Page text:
Posted by watchout5 http://www.overclockeddrama.com on November 30, 2012 at 7:30 PM · Report this
long-time reader 8
Please reconsider use of phrases such as "chemically laced water".

Every substance is a chemical. Even water itself.

If they're fracking by using toxin-laced water (and they are), then write that. Perpetuating the notion that "chemical=poison" contributes to widespread scientific ignorance.
Posted by long-time reader on November 30, 2012 at 8:05 PM · Report this
9
Thanks to fracking the US is set to overtake Saudi Arabia as the world's biggest energy producer sometime in the next decade. The environmental consequences of this new technology need to be studied, but this isn't something that can be stopped or should be stopped. The US becoming an energy exporter in a world where fossil fuels are becoming increasingly scarce, could mean the difference between another American century and our country becoming a second rate power.
Posted by Ken Mehlman on November 30, 2012 at 8:30 PM · Report this
10
@9 - read the rest of the IEA report - the US is projected to be the world's biggest energy producer by the mid 2025s, and keep that status all the way to, wait for it, 2030. Wow. 5 years! Totally worth ruining the one thing that actually does make America great - a fantastically productive agriculture system - for five years of being better than Saudi Arabia. Woopdeedoo.
Posted by boyd main on November 30, 2012 at 9:01 PM · Report this
11
@10 The IEA report also said that the US would likely be energy independent by 2035 due to increased natural gas production. You don't think not having to worry so much about who controls the Strait of Hormuz would be a good thing?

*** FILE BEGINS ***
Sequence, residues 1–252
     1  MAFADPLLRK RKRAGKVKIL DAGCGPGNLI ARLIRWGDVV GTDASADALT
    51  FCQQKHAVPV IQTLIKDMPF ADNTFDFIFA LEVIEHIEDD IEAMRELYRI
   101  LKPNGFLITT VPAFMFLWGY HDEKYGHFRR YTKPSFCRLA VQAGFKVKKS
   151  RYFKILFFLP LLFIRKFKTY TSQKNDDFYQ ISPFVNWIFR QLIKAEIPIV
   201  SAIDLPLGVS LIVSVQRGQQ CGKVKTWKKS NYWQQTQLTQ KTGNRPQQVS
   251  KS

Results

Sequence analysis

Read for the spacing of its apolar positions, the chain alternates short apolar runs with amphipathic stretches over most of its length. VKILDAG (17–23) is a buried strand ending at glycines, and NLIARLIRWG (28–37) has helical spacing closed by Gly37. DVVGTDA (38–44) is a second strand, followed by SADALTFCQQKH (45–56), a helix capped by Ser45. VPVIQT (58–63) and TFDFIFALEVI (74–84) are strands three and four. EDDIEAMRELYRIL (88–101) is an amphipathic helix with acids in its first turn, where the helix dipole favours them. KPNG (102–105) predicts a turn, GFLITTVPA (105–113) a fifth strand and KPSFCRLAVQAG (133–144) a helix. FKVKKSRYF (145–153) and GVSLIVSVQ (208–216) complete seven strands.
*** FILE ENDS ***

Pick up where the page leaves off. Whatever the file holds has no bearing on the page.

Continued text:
Posted by Ken Mehlman on November 30, 2012 at 10:16 PM · Report this
NaFun 12
@11 There is no such thing as true energy independence. Canada is a net energy exporter and their fuel prices are the same as ours.
Posted by NaFun http://www.dancesafe.org on November 30, 2012 at 11:18 PM · Report this
13
@12 Those high fuel prices don't seem to have harmed the Canadian economy though.

@10 BTW it's US oil production that is projected to briefly exceed that of Saudi Arabia, before falling beck to a lower level. Once you throw coal and natural gas into the mix we'll be outproducing the Saudis for a lot longer than five years.
Posted by Ken Mehlman on December 1, 2012 at 2:57 AM · Report this
14
@3 (and to a lesser extent @8), yeah I'd take this story with a massive grain of deadly sodium chloride.

I will just say that I've seen that rancher lady on PBS and she pings by bullshit detector off the chart. There's other people in North Dakota who have had problems with spills and accidents and such, but she seems to be the only one suffering from whatever generic fracking related malady she claims her out-of-state doctors say she's suffering from. All of the information from the experts she consulted is being filtered through her, and I frankly am not going to buy it until we can actually get it straight from them.
Posted by Jk on December 1, 2012 at 7:31 AM · Report this
15
@14 here are more accounts from some people, though not everyone mentioned, because some of them are dead now.

http://truth-out.org/news/item/13091-fra…
Posted by erly on December 1, 2012 at 3:48 PM · Report this
Fistique 16
We could replace the current FDA with a pumpkin in a fedora and it would be exactly as effective and much cheaper.
Posted by Fistique on December 2, 2012 at 8:36 AM · Report this